At this point, there should be no evidence of even the most minute circles/holes which would indicate there is still an oil problem. If this is the case, unfortunately, you will have no choice but to add smoothie to the lacquer and go forward.
Not much will be needed, though, if the problems are tiny in size, maybe several drops. Make sure to do this away from your other work, outside if possible, and that includes all prep work. I would recommend a cheap gun like Astros to dedicate to siliconized finishes so that if ever this arises again you will have it on hand.
If you have to spray in your booth, I recommend spraying the top as close to the filters as possible and changing the filters after the coatings have dried hard. I would then advise you to put a fresh coat of booth-coat over the entire booth to seal in any possible contamination. Overkill? I'll let your future non siliconed work answer that question for you - it is always truthful.
While I respect contributor C's assessment, I would never go to all that time and trouble. I could not afford to be down that long. I would replace the hoses if I had to. Hell, I would make a new top as well. That's just me. Time is money. You know you have silicone contamination. You just have to find what works best for you.
In this case, you already have fish eyes in the surface of the finish. The way to fix the problem is to sand the finish back as far as you can without cutting through and getting into the stain. Then add some Smoothie to your finish and spray additional coat(s) over the leveled finish. You may have to perform this sanding/leveling 2-3 times if you sprayed the finish heavy and have deep craters.
Fish eye eliminator like Smoothie is silicone oil. I've been using it for years and have never had a problem with contamination of my sanding area, spray booth, or spray equipment. I do throw away the sandpaper I use between coats of finish and clean the spray equipment well with lacquer thinner or acetone after use (like always).
I like using a 2k isolante coat myself to seal off the offending contamination and then if that doesn't work, it gets a shot of smoothie through my gravity cup. (I use my Sata and just clean it well after use.)
Paul, do you have a Smoothie gun? I would be afraid of future contamination. Sometimes regular finishes can be difficult to clean.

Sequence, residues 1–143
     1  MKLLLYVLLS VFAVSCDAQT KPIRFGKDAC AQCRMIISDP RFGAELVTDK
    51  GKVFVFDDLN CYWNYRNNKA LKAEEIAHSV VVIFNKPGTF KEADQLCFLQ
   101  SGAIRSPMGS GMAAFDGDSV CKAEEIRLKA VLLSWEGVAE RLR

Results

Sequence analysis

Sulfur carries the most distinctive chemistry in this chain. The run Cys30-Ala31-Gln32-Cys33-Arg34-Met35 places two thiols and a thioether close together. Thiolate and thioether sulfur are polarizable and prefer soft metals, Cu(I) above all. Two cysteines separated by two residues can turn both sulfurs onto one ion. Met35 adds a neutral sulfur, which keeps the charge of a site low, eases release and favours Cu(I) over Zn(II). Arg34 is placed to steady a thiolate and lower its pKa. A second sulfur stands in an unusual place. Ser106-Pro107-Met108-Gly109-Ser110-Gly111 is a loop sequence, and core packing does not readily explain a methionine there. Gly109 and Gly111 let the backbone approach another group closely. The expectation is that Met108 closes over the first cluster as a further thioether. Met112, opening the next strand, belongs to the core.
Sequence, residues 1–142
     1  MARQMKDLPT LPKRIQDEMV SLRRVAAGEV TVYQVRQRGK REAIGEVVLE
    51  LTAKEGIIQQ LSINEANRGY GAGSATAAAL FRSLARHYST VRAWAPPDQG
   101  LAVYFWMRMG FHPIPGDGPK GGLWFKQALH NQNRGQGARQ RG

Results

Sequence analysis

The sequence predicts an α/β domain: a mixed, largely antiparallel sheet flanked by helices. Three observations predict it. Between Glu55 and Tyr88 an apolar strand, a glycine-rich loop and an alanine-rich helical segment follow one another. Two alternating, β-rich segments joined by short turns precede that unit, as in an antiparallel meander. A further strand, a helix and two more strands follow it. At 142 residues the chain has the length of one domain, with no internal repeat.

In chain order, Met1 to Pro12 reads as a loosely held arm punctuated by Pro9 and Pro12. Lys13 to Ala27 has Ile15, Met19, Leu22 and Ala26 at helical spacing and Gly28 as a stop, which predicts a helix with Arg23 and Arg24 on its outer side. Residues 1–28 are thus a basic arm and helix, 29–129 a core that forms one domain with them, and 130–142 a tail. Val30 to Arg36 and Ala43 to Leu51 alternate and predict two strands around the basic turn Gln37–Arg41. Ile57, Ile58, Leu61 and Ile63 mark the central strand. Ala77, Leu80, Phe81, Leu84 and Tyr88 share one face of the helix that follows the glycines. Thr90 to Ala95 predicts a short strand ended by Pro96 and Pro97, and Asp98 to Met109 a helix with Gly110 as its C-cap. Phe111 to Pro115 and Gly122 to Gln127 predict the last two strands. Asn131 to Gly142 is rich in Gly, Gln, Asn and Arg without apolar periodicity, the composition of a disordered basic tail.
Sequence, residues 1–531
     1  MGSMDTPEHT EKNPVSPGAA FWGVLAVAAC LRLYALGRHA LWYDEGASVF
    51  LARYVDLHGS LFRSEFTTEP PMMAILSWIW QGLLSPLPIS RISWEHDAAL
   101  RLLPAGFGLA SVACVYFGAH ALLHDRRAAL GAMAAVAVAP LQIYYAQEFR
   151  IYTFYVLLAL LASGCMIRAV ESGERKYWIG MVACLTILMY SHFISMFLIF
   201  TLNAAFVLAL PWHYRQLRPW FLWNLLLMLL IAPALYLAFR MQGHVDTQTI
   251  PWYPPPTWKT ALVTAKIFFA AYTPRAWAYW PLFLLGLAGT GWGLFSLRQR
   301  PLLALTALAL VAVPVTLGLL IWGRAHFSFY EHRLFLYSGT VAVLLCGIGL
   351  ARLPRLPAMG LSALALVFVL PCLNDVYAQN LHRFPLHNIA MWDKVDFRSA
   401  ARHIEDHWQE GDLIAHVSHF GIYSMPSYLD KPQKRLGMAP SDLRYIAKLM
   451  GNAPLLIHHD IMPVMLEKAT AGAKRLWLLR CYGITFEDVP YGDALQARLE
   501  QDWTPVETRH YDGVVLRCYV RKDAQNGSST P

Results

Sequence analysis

I would think the newer Sealcoat shellac would be ideal as a barrier coat for these old mystery pieces covered with lard and/or Pledge. A few unsanded coats should bury most contaminants.
When refinishing furniture and cabinetry, I think it's wise to use Smoothie every time. It doesn't cause any harm but it does prevent fisheyes which are a pain to fix once you have them. I have tried various contamination removal processes including a flow over bath of wax and grease remover solvents with limited success. I've had the same results using shellac (limited success).
If you're using 2K poly, the isolante for oily woods will seal the contamination. I have used it only once on a refinish job, and it worked well.
Give the stripped items a good wash down with generous amounts of lacquer thinner and clean rags. Let the stripped items sit for a day.
Apply the new finish using the steps appropriate to get the color and effect you want. When using pre-cat and CV on bath and kitchen cabinetry, I prefer to use vinyl sealer over the stain and glaze coat(s). With CV, the vinyl sealer needs to be catalyzed to avoid wrinkling.
Add Smoothie to the vinyl sealer and CV topcoats.
If you get spots that don't want to dry (sticky), don't panic. It's caused by the wax from the stripper migrating to the surface of the finish. Give the spots a really light wipe with a clean cloth and naphtha and they will dry pretty quickly. Otherwise, it will take days for them to dry on their own.